The 1,300 stabbings over the last three years in Boston can be reduced, authorities said, if city officials begin to license and regulate stores that sell knives.
“The push is that we need to know where these knives are being distributed and we need to be able to regulate that,” said Councilor Tito Jackson.
At issue during a City Council committee hearing Thursday was the sale of knives at stores, particularly convenience stores. City councilors are examining whether to license and regulate stores that sell knives.
Detectives from Boston and Transit police testified about the access minors have to knives. A city ordinance forbids the sale of knives with blades longer than 2 inches to people under 18. However, during a sting operation, Boston police working with a 17-year-old were able to purchase knives from three stores along Dudley Street for between $5 and $10, said Boston Police officials.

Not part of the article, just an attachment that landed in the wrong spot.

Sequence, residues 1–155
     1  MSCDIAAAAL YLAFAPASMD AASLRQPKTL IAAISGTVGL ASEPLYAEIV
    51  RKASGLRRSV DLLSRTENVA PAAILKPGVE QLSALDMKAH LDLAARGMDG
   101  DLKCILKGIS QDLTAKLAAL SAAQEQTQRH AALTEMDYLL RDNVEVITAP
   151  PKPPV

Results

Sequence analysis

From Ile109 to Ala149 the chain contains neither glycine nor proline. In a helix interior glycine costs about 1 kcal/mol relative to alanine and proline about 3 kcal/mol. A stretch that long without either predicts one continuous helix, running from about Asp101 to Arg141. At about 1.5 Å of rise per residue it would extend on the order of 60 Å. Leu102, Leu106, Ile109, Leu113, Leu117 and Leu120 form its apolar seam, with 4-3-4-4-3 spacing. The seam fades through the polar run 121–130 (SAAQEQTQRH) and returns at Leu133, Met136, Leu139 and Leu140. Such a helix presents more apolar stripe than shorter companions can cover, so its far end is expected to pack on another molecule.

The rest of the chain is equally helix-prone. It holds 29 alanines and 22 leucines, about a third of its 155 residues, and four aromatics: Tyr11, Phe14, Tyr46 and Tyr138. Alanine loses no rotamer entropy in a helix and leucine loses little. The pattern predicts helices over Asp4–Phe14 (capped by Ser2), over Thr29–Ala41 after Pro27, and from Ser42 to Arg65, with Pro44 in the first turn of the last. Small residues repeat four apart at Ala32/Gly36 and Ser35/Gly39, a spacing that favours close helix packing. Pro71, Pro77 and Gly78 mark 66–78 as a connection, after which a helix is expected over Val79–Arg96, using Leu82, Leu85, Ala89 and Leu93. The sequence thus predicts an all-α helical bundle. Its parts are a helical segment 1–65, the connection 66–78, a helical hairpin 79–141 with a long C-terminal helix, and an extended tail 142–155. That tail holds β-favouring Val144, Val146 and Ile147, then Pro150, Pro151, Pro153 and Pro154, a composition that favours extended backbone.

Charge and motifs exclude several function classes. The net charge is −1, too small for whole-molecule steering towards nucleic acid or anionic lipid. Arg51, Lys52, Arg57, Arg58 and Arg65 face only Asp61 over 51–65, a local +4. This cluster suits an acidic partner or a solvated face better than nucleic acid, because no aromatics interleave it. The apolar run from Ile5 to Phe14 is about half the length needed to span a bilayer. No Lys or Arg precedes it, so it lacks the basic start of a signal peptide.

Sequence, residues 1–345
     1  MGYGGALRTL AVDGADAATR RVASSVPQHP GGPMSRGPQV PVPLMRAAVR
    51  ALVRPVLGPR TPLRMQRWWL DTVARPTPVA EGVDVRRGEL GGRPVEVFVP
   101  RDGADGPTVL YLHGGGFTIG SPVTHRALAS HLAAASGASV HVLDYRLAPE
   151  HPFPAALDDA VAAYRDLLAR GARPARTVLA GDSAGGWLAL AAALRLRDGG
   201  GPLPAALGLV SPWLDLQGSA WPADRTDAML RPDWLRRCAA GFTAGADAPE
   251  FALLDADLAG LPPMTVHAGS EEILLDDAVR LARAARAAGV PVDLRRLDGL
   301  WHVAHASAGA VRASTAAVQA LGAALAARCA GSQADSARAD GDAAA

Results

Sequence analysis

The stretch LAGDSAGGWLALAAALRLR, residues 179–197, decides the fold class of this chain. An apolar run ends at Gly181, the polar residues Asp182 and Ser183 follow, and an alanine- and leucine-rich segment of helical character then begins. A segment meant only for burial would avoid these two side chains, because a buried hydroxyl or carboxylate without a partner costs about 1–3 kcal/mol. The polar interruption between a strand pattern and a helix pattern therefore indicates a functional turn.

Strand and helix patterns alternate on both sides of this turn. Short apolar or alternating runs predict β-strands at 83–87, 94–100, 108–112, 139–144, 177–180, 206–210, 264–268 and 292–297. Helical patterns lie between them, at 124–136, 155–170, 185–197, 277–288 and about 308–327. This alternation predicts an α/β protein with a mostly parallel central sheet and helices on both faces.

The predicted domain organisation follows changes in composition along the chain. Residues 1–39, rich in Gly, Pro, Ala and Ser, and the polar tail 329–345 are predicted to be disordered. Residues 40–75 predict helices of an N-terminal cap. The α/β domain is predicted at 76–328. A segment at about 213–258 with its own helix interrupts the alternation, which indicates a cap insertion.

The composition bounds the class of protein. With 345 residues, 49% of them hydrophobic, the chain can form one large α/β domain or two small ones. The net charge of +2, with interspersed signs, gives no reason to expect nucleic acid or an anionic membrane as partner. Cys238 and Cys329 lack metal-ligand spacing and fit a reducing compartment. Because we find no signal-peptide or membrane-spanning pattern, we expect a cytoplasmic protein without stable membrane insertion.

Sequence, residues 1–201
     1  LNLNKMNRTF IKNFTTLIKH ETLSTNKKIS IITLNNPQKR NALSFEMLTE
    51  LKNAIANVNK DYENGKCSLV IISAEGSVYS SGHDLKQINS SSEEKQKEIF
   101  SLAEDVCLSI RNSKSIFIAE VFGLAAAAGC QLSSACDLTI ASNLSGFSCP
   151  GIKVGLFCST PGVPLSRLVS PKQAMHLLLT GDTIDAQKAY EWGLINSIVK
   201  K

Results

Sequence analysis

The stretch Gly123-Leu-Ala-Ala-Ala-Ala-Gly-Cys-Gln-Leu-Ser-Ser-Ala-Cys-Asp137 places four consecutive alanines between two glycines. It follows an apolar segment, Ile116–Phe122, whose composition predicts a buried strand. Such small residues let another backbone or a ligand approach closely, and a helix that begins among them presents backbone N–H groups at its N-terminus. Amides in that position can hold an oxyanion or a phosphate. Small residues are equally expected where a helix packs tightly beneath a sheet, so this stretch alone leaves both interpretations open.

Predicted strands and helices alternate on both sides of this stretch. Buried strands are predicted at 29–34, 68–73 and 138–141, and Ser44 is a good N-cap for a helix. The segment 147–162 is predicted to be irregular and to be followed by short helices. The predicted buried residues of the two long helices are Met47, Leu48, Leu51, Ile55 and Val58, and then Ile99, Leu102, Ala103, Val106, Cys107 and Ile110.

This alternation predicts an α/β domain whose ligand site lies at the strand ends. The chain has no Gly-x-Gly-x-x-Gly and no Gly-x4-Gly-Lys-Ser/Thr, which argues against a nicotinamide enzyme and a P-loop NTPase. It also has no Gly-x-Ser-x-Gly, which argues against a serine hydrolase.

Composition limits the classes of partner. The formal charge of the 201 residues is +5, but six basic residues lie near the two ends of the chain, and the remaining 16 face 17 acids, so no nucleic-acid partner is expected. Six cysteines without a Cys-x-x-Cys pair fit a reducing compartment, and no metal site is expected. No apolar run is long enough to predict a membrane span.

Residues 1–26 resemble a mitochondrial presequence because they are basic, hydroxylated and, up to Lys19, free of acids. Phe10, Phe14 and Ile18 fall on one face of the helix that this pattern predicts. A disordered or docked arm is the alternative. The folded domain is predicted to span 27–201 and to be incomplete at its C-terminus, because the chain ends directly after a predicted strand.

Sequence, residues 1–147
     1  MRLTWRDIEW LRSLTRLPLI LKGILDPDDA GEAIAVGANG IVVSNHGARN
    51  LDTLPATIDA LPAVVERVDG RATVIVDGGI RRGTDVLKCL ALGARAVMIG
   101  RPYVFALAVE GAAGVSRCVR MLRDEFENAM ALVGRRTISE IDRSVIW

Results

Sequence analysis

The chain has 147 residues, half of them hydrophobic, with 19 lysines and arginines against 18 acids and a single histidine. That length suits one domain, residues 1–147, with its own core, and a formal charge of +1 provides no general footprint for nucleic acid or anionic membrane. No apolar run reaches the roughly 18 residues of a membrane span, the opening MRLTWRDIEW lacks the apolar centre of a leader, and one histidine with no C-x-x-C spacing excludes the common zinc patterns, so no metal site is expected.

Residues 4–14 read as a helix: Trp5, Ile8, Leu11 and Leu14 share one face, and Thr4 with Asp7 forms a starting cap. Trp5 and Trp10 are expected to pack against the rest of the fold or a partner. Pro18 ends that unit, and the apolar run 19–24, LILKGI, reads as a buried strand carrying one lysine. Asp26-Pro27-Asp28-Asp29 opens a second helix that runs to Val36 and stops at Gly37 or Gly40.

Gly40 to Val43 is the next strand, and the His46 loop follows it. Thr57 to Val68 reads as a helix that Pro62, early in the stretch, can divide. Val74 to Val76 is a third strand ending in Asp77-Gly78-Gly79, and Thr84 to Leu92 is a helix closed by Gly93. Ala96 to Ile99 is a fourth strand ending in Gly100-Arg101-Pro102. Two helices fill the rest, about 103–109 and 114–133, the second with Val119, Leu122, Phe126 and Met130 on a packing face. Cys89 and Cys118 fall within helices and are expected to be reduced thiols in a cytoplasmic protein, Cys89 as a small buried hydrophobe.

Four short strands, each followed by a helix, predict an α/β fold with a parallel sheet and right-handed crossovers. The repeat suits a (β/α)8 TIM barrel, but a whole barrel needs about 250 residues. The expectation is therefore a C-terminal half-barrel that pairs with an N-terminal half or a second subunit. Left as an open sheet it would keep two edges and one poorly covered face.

Last year, 32 knives were seized from youths during a truancy program, said Transit Police Lt. Detective Mark Gillespie.
The initiative had the backing of relatives of those killed by knives.
“It shouldn’t be that kids could go into community stores and purchase knives like cupcakes,” said Sarah Flint-Glover, whose son James was stabbed to death in 1981. “Why not license and make neighborhood stores accountable?”